South County Politics: Endorsements; advisory votes

Democrats in the 1st, 21st and 32nd legislative districts and the Snohomish County Democrats organization have endorsed candidates for city councils, school boards and other local non-partisan Snohomish County offices. The Snohomish County Republican web site lists endorsements for several cities around Snohomish County but not Lynnwood or elsewhere in South Snohomish County. Here are Democrats’ endorsements:

Dems endorse Hurst, AuBuchon, Cotton, Graziani in Lynnwood

Snohomish County Democrats have endorsed a challenger to Lynnwood Mayor Nicola Smith and a challenger to a Lynnwood City Council incumbent, while endorsing council incumbent Ian Cotton and former Councilmember Van AuBuchon, who now is running for an open position.

County Democrats and Democrats in 21st and 32nd legislative districts have endorsed City Councilmember George Hurst in his challenge to incumbent Mayor Nicola Smith. Hurst has based his challenge on a need for greater fiscal responsibility in city budgeting.

The 32nd Legislative District includes the city of Lynnwood along with part of Mountlake Terrace, south Edmonds, Woodway and nearby unincorporated areas of southwest Snohomish County, the city of Shoreline and part of northwest Seattle. The 21st Legislative District includes unincorporated areas north and northeast of Lynnwood, north Edmonds, all of Muklteo and part of south Everett.

City Council challenger Rosamaria Graziani, president of the Diversity Council of South Snohomish Council, won local Democrats’ endorsement over council incumbent Ruth Ross.

Democrats also endorsed former Councilmember Van AuBuchon over challenger Christine Frizzell for the position that retiring Councilmember Christopher Boyer is giving up.

Incumbent Councilmember Ian Cotton won the Democrat’s nod over challenger Shannon Tysland, who runs a local physical thereby business.

Democrats endorse school challenger

Snohomish County Democrats have endorsed challenger Mitchell Below over incumbent Edmonds School District 15 Board member Ann McMurray.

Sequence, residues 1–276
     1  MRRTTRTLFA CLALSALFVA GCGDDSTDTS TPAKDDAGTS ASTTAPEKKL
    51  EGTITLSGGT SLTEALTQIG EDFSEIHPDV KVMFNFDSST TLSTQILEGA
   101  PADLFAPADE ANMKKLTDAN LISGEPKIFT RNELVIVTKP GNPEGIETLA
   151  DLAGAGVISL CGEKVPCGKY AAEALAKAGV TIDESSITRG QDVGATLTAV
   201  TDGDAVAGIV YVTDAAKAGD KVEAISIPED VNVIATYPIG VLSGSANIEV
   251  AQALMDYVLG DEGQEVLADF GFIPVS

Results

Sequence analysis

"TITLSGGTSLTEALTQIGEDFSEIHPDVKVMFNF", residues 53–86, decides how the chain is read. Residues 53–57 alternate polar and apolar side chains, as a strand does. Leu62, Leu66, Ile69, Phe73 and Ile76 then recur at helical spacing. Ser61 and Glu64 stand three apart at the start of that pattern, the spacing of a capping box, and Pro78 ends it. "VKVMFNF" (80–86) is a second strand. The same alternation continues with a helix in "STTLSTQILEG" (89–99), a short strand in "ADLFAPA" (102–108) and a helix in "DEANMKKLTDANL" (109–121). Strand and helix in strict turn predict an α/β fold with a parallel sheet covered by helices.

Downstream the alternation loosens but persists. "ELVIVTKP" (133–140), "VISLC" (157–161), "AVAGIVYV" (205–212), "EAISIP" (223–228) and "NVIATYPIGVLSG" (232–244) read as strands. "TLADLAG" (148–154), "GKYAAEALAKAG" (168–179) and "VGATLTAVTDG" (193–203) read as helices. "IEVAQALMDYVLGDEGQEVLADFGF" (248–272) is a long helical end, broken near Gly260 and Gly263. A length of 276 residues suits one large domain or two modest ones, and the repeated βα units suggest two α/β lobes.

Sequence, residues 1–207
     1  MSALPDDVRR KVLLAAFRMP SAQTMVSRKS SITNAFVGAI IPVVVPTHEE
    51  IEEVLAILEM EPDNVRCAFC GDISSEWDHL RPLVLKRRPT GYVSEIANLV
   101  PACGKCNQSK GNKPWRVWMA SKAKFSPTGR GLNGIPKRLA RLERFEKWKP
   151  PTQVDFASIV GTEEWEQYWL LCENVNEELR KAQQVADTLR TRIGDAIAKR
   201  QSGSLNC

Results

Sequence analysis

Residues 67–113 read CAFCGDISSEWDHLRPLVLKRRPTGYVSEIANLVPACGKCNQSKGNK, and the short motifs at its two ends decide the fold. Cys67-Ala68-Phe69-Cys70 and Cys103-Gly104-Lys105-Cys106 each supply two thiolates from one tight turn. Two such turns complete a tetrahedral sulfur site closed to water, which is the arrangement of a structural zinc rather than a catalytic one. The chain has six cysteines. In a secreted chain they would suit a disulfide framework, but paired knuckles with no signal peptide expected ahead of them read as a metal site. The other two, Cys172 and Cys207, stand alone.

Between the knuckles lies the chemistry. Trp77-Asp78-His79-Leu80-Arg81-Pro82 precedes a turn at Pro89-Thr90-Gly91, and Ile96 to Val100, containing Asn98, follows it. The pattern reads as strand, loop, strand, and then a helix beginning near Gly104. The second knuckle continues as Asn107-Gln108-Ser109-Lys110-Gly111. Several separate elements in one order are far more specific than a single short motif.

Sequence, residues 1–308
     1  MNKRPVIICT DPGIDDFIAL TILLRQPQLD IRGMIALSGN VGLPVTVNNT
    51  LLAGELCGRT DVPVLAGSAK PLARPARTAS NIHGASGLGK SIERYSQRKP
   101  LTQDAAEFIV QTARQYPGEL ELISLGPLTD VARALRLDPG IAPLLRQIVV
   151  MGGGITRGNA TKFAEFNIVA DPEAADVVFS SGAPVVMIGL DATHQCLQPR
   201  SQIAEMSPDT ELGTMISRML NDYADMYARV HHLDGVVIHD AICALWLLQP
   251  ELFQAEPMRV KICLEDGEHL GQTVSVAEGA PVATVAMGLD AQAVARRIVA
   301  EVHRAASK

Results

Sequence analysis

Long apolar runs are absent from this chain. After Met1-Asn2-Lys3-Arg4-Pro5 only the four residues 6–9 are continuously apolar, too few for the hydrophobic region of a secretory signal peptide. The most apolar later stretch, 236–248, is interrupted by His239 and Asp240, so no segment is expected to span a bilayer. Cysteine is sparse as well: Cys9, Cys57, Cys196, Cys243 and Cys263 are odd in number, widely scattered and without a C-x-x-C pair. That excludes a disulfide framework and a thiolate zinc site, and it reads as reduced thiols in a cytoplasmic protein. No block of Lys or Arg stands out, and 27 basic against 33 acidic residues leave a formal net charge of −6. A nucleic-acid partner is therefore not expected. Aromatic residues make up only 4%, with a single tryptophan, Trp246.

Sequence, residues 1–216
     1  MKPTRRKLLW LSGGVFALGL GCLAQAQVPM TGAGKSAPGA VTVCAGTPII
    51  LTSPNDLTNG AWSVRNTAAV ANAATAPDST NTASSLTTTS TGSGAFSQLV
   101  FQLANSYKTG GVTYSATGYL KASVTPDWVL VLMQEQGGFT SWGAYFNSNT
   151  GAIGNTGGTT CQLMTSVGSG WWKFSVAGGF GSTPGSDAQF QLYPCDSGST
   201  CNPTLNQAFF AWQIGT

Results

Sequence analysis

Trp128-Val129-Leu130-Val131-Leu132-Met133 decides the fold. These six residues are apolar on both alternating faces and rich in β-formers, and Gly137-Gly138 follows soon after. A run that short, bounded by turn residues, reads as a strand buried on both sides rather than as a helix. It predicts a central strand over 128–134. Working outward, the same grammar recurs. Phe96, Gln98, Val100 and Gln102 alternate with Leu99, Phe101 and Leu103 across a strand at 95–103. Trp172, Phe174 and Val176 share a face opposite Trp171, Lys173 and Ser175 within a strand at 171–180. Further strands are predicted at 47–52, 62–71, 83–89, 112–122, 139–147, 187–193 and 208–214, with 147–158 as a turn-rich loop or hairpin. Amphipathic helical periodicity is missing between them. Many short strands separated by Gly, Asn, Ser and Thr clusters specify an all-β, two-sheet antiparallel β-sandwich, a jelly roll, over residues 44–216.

Snohomish County Democrats and Democrats in the 1st and 32nd legislative districts have announced dual endorsements for the two candidates for an open School Board position. Candidates Cathy Baylor and Deborah Kilgore have both been endorsed for the position that retiring Board President Susan Phillips is giving up. Democrats in the 21st Legislative District, however, have given their sole endorsement to Baylor.

The 1st Legislative District includes most of Mountlake Terrace, all of Brier and Bothell, unincorporated areas of Snohomish County north and east of Bothell, north Kirkland and unincorporated areas of King County between Bothell and Kirkland. The 21st District includes most of Edmonds, unincorporated areas north of Edmonds and Lynnwood and northeast of Lynnwood, Mukilteo and part of south Everett. The 32nd District includes the city of Lynnwood, part of Mountlake Terrace, south Edmonds, Woodway and nearby unincorporated areas, the city of Shoreline and part of northwest Seattle.

The Edmonds school District includes Edmonds, Lynwood, Mountlake Terrace, Woodway, most of Brier and unincorporated areas near those municipalities.

Three statewide advisory votes on November ballot

Voters in South Snohomish County and around Washington face three statewide advisory votes on the Nov. 7 general-election ballot.

The intent of such advisory votes is to give voters a chance to express their opinions on legislation that either creates new taxes or increases existing taxes.

It’s hard to cast an informed ballot, however, because the voters’ pamphlet and the online voters’ guide have nothing more than what is on the ballot; there’s no explanatory statement and no pro- or con- statements.

The first of this year’s advisory votes (No. 16) is on legislation that increases commercial fishing license fees to raise about $100,000 per year for the state wildlife account.

The other two of this year’s advisory votes are on tax measures that the 2017 legislature passed to raise money to pay to comply with the State Supreme Court’s order that the legislature provide full state support for basic education.

One (Advisory Vote No. 17) would eliminate some tax exemptions and extends sales taxes to on-line sales.

The last of this year’s advisory votes (No. 18) would raise the state property tax. It came about as a compromise between the Republican-controlled State Senate and the Democrat-controlled House of Representatives. Democrats had proposed paying to support public schools with a carbon tax or a capital-gains tax on high earners, but Republicans held out for an increase in the state sales tax in exchange for reduced local school levies.

–By Evan Smith
Evan Smith can be reached at 

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